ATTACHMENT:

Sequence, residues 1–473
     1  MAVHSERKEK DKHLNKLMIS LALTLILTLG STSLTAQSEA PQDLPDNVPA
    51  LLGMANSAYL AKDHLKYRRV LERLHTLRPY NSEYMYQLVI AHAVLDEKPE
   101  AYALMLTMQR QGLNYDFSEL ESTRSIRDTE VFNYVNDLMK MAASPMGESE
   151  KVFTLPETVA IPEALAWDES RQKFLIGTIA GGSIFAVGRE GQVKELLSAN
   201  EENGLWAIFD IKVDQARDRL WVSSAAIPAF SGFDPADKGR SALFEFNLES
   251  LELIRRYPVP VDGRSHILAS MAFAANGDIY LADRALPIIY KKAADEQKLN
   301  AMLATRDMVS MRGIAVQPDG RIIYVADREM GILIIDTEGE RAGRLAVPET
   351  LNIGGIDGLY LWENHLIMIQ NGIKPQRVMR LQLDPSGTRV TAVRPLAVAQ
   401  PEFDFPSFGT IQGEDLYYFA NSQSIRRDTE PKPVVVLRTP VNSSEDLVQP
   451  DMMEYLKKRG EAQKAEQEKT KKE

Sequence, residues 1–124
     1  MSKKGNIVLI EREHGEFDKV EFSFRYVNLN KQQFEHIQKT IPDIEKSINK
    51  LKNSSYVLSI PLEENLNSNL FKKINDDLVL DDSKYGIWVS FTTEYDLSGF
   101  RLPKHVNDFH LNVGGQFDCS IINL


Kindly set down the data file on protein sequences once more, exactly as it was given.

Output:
Sequence, residues 1–473
     1  MAVHSERKEK DKHLNKLMIS LALTLILTLG STSLTAQSEA PQDLPDNVPA
    51  LLGMANSAYL AKDHLKYRRV LERLHTLRPY NSEYMYQLVI AHAVLDEKPE
   101  AYALMLTMQR QGLNYDFSEL ESTRSIRDTE VFNYVNDLMK MAASPMGESE
   151  KVFTLPETVA IPEALAWDES RQKFLIGTIA GGSIFAVGRE GQVKELLSAN
   201  EENGLWAIFD IKVDQARDRL WVSSAAIPAF SGFDPADKGR SALFEFNLES
   251  LELIRRYPVP VDGRSHILAS MAFAANGDIY LADRALPIIY KKAADEQKLN
   301  AMLATRDMVS MRGIAVQPDG RIIYVADREM GILIIDTEGE RAGRLAVPET
   351  LNIGGIDGLY LWENHLIMIQ NGIKPQRVMR LQLDPSGTRV TAVRPLAVAQ
   401  PEFDFPSFGT IQGEDLYYFA NSQSIRRDTE PKPVVVLRTP VNSSEDLVQP
   451  DMMEYLKKRG EAQKAEQEKT KKE

Sequence, residues 1–124
     1  MSKKGNIVLI EREHGEFDKV EFSFRYVNLN KQQFEHIQKT IPDIEKSINK
    51  LKNSSYVLSI PLEENLNSNL FKKINDDLVL DDSKYGIWVS FTTEYDLSGF
   101  RLPKHVNDFH LNVGGQFDCS IINL